Thursday, October 29, 2020
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Fifth Sunday of Lent: Solidarity Sunday, April 7

Sister Divinia Pedro is engaged in ministry in Fort St. James, British Columbia. Mark Hayter, a parishioner with Sister Divinia at Our Lady of the Snows Parish, shared this beautiful and moving reflection on migrants and refugees. We have his permission to share his reflection here.

Today is Solidarity Sunday. Solidarity means unity. Today on Solidarity Sunday, we are asked to unite with our brothers and sisters around the world who have been forced to flee their homes, their country, and their families. There are more than 68 million people who have been forced to leave their home worldwide.

Remember last summer, when most of us here were forced to flee our homes here in Fort St. James because of the 100,000 hectare wildfire only a few kilometres away? 

We did not want to leave our homes, our possessions, and our community. Thankfully, the wildfire was controlled and we were able to return only after about 10 days. Imagine how it is for millions of people who are forced to leave their homes with little hope of returning, children like the Rohingya who fled Burma to escape persecution and are now living in Bangladesh.

Or millions of Syrians forced to leave because of the war in Syria and are spread out all over the world, like the Syrian family that moved here.

Or the Philippine people affected by Typhoon Haiyan that struck five years ago which destroyed their homes along the coastline. Some are still trying to rebuild and recover and find a place to live.

Many of these people are poor, have little help and support to recover from their terrible situations. Development and Peace promotes solidarity with the poor, to help the world’s poor and disadvantaged in their struggle for resources, justice, education and a place to live.

Imagine what a journey it will be if you are poor, oppressed, have been forced from your home, your country, your culture. From a place you felt connected to the land, to your families and ancestry. 

When we stand in solidarity with the 68 million people displaced in the world, we take time to understand their journey but also make a journey ourselves, a journey of faith, love and hope. 

Pope Francis said hope is the force that drives us to share the journey because the journey is made by both sides: the journey by those who are forced to flee and come to our country but also by us who go towards their heart to understand them, to understand their culture and their language. It is a joint journey, but without hope, that journey cannot be made. Hope is the drive to share the journey of life.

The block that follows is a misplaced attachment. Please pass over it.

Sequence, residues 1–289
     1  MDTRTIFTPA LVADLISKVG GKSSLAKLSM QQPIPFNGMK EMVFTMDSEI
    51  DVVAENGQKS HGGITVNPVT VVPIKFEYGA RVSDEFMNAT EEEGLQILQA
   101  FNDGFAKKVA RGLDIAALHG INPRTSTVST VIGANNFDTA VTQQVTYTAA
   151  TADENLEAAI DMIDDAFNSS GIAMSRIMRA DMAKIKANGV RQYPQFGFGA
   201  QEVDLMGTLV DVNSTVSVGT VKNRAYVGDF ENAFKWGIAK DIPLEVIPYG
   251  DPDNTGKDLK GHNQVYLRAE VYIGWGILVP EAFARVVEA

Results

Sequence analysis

Through this journey, which is rooted in the dignity of every person, Pope Francis invites us to meet the other and to see the humanity of each migrant. 

The second reading in today’s Mass strikes me: the part about accepting the loss of material things, much like the migrants had to do. It means you will gain Christ and forget about what lies behind while straining forward to what lies ahead, to continue to pursue the goal of God’s upward calling in Christ Jesus.

To stand in solidarity with our brothers and sisters who are forced to leave their homes, we can help them reach their pursuit of faith and hope by supporting Development and Peace, by welcoming them, by reaching out to them on their journey.

Our Share Lent donations will enable Development and Peace to address causes of forced migration and to build a better world of justice and peace to allow people to return.

In John’s Gospel about the adulteress, Jesus’ response to those who would have her stoned reveal God’s mercy. Jesus does not seek to embarrass the accusers or to accuse the adulteress. Instead, he makes the accusers aware and to think about how they could be judged by what they have done in their past and to think about Gods mercy -- that they have often spoke of the goodness of God, have cried out for his mercy and experienced his forgiveness. So Jesus reminds them: why should they pass judgement over this woman when they themselves have sinned? Jesus does not judge the woman. He recognizes her dignity, brings her back into society and lifts her up and invites her to seek a fresh start to look to the future and God to sin no more. 

Let’s not judge migrants but show compassion and overcome our fears. As Jesus said in the Gospel of Matthew: “I was a stranger and you welcomed me.”

Jesus himself had many journeys. As a child refugee he went to Egypt, as a preacher he travelled the roads of Galilee. His final journey was carrying the wooden cross up Calvary. 

Jesus encountered many people along his journey. For many of us, faith is an encounter and Jesus teaches us to encounter others.

In our faith, each person has worth and dignity and all have a place in our world. Every person is created in the image and likeness of God. Development and Peace invites you to share the journey of the encounter with migrants and with the poor. 

We don’t have to do extraordinary things to make a difference. Small gestures with the openness of human understanding and compassion can do extraordinary things. We can do simple things like give to Development and Peace, pray for migrants and the poor and volunteer your time and efforts to those people in our town and wherever you go. 

As Pope Francis says: Let’s build a culture of encounter, a culture of mercy and compassion.


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